The world’s second most dangerous country to drive in is Thailand. There appears to be some skulduggery afoot here. Did Fikile Mbalula bribe Zutobi to give us the number one spot? I’ve driven in Bangkok and let me tell you, the mayhem there is on another level altogether. It’s quite spectacular. We’re rank amateurs compared to the Thais and they must feel horribly cheated right now.

Apparently, 29% of road traffic deaths in SA are attributed to alcohol. Doesn’t sound like much when you consider that 95 out of 100 people drink and drive every weekend. The other five have had their cars stolen.

Accidents are caused by drivers who can’t handle their liquor. Nine doubles and they’re all over the place. Bloody amateurs. Yes, certain types of alcohol are not as good for driving as others. The more tequila you drink, for instance, the sharper your reflexes and the more you enjoy accelerating around corners and freewheeling down mountain passes.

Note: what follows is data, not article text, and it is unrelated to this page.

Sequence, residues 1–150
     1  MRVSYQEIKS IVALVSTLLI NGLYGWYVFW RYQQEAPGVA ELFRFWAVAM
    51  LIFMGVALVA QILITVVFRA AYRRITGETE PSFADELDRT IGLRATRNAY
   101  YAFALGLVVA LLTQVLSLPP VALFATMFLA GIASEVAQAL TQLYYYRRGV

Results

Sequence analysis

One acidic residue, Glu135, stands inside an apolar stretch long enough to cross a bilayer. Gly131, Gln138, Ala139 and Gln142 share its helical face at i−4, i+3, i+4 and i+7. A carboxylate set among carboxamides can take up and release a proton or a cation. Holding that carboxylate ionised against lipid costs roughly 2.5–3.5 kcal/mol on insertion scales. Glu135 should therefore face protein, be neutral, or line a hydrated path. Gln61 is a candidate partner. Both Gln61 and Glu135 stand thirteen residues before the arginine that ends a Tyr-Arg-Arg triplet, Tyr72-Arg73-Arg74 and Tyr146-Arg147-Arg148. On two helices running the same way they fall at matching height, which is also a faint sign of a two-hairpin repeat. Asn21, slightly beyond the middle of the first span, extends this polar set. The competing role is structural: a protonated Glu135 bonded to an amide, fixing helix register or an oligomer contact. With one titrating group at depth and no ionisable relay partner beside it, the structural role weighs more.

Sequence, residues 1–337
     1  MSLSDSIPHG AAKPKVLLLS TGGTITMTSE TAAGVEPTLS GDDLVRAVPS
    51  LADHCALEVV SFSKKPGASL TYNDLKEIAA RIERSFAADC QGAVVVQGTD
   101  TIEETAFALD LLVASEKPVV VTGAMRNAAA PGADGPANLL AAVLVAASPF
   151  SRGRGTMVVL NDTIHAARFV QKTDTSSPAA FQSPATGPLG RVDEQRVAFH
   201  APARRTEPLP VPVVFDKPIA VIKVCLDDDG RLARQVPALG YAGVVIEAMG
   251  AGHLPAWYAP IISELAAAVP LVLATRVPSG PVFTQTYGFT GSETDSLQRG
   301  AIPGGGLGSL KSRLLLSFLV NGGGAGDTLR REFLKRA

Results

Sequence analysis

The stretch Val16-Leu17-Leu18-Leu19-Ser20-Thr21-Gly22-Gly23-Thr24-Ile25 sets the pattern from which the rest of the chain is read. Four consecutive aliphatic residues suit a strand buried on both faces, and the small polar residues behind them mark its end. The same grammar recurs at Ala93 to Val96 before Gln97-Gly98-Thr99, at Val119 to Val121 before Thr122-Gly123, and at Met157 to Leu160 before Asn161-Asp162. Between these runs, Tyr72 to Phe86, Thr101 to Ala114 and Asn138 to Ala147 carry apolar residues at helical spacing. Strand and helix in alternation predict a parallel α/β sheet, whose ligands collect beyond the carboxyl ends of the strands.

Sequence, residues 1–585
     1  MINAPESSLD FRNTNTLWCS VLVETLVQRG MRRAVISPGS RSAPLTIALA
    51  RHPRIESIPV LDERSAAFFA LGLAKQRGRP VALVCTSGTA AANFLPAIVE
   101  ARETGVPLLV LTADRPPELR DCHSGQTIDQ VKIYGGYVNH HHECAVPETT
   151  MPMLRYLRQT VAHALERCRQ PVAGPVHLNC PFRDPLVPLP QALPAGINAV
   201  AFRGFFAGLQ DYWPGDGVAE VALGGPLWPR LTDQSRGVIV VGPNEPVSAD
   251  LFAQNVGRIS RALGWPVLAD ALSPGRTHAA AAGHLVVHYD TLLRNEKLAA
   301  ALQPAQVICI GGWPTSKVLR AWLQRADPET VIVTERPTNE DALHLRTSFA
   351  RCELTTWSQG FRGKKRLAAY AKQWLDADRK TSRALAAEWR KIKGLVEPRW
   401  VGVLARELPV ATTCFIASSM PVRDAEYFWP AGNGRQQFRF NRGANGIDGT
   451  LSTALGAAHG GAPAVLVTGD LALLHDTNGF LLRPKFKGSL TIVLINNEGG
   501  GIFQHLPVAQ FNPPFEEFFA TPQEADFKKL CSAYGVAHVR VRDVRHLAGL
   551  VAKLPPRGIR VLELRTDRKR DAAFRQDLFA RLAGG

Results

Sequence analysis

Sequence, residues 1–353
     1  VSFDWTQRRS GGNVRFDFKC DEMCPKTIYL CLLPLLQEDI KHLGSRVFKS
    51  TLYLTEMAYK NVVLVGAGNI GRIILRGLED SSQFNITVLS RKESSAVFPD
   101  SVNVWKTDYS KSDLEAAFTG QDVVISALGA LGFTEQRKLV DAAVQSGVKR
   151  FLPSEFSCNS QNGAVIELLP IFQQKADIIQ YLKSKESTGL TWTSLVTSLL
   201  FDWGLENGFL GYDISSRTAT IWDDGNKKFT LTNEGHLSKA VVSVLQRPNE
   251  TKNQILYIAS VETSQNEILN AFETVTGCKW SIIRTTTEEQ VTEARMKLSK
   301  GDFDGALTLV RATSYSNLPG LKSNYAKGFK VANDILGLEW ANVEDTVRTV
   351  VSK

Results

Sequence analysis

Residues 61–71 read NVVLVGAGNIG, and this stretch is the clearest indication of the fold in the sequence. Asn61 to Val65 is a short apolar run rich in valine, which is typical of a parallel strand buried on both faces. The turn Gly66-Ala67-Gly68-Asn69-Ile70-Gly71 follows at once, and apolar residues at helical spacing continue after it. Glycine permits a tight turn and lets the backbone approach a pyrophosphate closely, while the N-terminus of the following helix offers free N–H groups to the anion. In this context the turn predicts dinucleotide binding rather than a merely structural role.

Norway, according to Zutobi, is the safest country to drive in, followed by Iceland. Of course their roads are going to be safe. They drive on ice and snow and their tyres are covered in chains. People regularly get overtaken by polar bears. Also, you need to be a millionaire to be able to afford a decent bottle of spirits. The common folk drink heavily distilled filth so strong that they pass out before even getting into first gear. And beer was banned in Iceland until 1989. They barely know what it is or even how to use it to improve your driving skills.